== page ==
Sports

King’s skating clubs mark their return to the rinks

October 14, 2020   ·   0 Comments

By Robert Belardi

If you want to skate this year, you will have the chance. If you want to continue to build on your figure skating technique and elegance, there’s room for that, too.
King Township’s grassroots skating clubs for young children and competitive will be opening this year following a collaborative effort between skating clubs and minor hockey that convinced the township to open ice facilities, the King Weekly Sentinel has learned.
In what will be marked as a predominantly difficult winter season this year, Schomberg Skating Club, King City Skating Club and Nobleton Skating Club will be able to harness skaters’ talents and further grow their acumen but might not be able to open learn to skate programs for beginners.
President of Nobleton Skating Club, Karlene MacDonald says this is a huge loss.
“All of us clubs will take a really huge hit because we can’t take the little babies, we can’t take the newbies, so, we’re limited there,” MacDonald said.
Skaters must be further than stage two in their ranks to be able to sign up.
As not for profit organizations, these skating clubs will have to unfortunately alter their prices due to smaller numbers on the ice. King City Skating Club, will be selling jackets and water bottles to mitigate costs in a year where all clubs will be snake-bitten financially.
It was recommended by the governing body of all the clubs that 19 skaters can be on the ice at once. If there are less skaters, there is an opportunity for coaches to suit up. If a 19-skater maximum has been reached, coaches must remain in the box.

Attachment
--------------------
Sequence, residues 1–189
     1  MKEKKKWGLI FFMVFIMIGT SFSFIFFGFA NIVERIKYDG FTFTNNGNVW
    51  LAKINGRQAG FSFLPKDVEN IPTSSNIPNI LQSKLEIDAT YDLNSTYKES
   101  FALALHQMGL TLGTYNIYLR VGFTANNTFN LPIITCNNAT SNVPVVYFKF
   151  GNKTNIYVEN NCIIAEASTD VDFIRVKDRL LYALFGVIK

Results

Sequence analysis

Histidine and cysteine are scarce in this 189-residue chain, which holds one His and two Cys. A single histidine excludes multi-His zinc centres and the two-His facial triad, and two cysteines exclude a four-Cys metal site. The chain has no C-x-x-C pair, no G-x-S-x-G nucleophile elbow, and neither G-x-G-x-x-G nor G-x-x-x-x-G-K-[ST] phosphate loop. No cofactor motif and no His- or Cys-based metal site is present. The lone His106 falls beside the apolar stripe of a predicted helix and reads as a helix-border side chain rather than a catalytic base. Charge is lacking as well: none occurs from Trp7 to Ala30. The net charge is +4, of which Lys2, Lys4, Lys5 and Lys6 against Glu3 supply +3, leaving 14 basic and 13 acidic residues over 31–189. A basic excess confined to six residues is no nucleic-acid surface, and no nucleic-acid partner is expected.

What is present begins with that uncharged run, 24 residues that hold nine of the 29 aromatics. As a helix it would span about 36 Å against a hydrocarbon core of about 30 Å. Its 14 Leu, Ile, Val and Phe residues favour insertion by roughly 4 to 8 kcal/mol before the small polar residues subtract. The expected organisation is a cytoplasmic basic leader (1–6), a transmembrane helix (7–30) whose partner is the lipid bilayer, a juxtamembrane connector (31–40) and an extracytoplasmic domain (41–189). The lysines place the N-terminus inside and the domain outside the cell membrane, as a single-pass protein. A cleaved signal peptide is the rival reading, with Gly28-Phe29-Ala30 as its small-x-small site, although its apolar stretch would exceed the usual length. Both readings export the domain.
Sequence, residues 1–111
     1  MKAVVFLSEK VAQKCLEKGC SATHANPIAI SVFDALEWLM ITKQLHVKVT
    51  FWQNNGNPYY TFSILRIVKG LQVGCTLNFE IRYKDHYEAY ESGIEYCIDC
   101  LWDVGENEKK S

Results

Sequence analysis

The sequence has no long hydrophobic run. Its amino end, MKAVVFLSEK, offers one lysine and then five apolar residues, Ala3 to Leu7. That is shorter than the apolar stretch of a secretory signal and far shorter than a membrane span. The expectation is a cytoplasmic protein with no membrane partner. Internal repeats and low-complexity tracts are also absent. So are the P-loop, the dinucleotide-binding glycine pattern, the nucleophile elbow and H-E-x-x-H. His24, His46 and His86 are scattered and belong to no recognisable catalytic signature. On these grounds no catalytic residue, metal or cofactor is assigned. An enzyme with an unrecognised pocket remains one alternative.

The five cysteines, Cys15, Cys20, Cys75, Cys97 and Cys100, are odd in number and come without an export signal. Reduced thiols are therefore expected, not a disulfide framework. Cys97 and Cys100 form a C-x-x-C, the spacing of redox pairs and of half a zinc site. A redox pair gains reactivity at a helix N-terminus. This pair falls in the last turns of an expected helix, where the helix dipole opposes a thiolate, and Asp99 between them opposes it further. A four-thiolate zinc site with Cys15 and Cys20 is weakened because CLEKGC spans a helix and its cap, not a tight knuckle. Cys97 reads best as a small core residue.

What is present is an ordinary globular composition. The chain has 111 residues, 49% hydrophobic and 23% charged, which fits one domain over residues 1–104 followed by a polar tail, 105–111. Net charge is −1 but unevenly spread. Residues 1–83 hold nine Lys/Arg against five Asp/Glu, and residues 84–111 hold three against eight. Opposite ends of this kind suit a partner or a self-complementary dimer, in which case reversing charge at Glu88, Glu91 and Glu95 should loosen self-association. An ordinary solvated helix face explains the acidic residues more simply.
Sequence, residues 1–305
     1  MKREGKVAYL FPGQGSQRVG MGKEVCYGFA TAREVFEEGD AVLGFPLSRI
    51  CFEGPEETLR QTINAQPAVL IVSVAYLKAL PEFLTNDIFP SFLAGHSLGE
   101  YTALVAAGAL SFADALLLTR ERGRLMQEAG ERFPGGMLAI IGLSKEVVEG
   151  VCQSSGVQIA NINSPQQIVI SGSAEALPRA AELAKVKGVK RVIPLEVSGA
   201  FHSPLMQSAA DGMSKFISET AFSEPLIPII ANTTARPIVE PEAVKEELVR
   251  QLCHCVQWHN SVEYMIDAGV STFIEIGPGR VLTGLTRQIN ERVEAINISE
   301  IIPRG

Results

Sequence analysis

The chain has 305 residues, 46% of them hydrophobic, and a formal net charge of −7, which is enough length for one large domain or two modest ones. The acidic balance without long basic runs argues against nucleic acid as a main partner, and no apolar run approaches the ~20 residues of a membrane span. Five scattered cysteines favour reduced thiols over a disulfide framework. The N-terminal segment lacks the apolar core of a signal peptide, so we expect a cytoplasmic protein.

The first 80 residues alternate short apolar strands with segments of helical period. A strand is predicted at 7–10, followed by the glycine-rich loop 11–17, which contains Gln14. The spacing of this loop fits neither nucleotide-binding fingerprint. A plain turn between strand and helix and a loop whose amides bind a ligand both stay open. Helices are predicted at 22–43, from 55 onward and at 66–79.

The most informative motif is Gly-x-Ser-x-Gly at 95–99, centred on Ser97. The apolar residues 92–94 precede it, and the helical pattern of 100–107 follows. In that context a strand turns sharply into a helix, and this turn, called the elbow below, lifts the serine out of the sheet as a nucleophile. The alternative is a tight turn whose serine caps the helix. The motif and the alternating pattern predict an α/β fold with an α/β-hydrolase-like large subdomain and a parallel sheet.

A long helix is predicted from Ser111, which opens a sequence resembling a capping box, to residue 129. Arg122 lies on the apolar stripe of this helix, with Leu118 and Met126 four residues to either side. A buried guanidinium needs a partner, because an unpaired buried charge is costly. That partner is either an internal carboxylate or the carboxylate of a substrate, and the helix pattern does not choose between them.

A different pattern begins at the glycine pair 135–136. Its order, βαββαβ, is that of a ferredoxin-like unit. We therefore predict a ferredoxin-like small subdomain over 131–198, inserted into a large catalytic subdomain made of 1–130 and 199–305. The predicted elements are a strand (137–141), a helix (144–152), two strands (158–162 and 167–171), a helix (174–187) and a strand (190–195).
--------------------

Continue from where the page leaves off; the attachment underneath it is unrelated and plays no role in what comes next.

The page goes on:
But, with smaller numbers comes a little more ice time and for those registering this year, this is an excellent “building year” for skaters with more opportunity to practice.
“We’re going to take this as a true building year,” said Brenda Ferreira, coach at the King City Skating Club.
“Maybe, they will try maybe some more tests.”
In skating, to move on to the next level, skaters must complete a series of tests. Normally every year, Nobleton and King City Skating Club partner-up to host test days for their club’s skaters in front of judges, but this year, Ferreira and Macdonald said, test days may or may not happen.
What else is also “up in the air” are competitions. Ferreira confirmed, most northern skating clubs won’t be running this year and competitions may have to be held virtually to accommodate for judges who wish to stay home.
All-Ontario skaters who were prepared to perform last year in the province’s prestigious competition, will have to continue waiting.
Competitions that have yet to be announced by Skate Ontario and Skate Canada, may be held virtually so relatives and members of family can see their young competitors from the computer screen.
With the Christmas season just two months away, all skating clubs have had to rethink their models for their winter celebrations. Schomberg Skating Club has had to cancel their family skate outright for this year.
Nobleton’s holiday show may be altered virtually as well or limited to one spectator per skater.
As of now, all skating clubs are based out of the Trisan Centre in Schomberg, while awaiting on Nobleton Arena, which is expected to open Oct. 19. As of this year, King City Arena will be closed.
All skating clubs took to the ice last week. They look forward to another year out on the ice despite some setbacks. Registrations are currently open.



         

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